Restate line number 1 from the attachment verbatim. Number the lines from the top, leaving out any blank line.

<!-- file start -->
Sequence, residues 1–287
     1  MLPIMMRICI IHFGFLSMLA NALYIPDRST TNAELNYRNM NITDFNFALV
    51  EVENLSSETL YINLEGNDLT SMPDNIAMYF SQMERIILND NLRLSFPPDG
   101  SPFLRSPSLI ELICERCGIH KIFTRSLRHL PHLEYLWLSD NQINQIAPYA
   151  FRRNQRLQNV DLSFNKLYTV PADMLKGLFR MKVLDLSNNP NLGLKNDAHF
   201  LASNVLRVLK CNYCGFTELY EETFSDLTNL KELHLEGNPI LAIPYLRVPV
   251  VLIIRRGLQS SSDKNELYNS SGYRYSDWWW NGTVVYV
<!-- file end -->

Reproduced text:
Sequence, residues 1–287